In this atmosphere, protests against the Democratic establishment are inevitable.
Protests will be on two levels. Bernie Sanders will go to the convention with a strong contingent of pledged delegates, even if the superdelegates will probably give the edge to Clinton. Sanders will fight for more liberal planks in the party platform and for reforms in the primary process. Unfortunately, changes in the party platform will have no bearing on how Clinton actually governs if elected, and procedural reforms can be changed in the future if conservative Democrats remain in control of the party apparatus.
There has also been talk on social media for several weeks regarding protests outside the convention. The Wall Street Journal reports on Sanders supporter obtaining permits to hold protests. (In case the story is behind the WSJ pay wall, The Hill also has a report).
Philadelphia has approved four demonstration permits in support of Sen. Bernie Sanders at the July Democratic National Convention — including a large rally planned near the convention’s epicenter.
One of the permits is for an event consisting of four days of all-day rallies at FDR Park in support of Mr. Sanders. The city said it expects 30,000 participants, and organizers said in an interview they hope turnout will be much higher.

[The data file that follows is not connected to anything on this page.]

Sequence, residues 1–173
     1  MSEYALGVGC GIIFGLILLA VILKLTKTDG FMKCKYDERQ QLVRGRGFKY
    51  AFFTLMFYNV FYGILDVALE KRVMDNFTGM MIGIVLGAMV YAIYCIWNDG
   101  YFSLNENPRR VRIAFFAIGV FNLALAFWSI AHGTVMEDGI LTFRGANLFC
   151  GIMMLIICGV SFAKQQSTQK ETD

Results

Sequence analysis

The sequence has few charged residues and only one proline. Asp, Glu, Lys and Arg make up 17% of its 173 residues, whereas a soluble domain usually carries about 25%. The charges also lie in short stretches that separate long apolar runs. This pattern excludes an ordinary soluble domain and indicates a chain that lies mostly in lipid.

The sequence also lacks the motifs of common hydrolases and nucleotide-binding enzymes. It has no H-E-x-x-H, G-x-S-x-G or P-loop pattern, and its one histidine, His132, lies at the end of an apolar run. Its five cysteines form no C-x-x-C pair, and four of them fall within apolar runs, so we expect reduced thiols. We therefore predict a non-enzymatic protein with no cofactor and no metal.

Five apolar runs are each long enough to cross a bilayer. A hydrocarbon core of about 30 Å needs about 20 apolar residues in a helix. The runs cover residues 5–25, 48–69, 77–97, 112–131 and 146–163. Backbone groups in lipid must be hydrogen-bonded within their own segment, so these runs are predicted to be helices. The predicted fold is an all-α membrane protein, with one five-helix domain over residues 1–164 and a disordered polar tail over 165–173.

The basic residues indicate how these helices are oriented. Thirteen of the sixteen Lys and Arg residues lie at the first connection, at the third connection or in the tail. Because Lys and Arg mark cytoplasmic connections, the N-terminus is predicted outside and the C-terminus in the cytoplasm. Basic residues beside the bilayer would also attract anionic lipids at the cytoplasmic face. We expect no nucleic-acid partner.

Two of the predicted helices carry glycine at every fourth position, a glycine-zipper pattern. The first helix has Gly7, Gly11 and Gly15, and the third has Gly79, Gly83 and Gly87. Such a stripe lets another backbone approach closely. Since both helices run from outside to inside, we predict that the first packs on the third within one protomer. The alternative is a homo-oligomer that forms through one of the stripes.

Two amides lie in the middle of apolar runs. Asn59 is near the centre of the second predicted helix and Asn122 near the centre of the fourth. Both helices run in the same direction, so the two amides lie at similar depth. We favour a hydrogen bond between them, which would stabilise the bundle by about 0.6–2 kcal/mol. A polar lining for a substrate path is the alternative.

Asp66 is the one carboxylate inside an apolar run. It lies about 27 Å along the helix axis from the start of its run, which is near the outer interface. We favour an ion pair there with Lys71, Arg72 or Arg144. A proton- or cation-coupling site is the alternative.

The park is adjacent to the Wells Fargo Center, where many of the Democratic National Convention events will be held — raising the possibility of a large demonstration in support of Mr. Sanders just steps away from where delegates will officially select the Democratic nominee. A growing number of Democrats are concerned the convention could turn out to be divisive and disorderly due to activities planned by Sanders supporters.
The city has also granted permits to three smaller demonstrations at Thomas Paine Plaza, a few miles from the Wells Fargo Center. The city says it expects 2,000 to 3,000 participants at those events.
The events — which are being organized independent of campaign by supporters of Mr. Sanders — aim to call attention to support the Vermont Senator has received throughout the primary process and push for long-term changes in the way that the Democratic Party nominates candidates.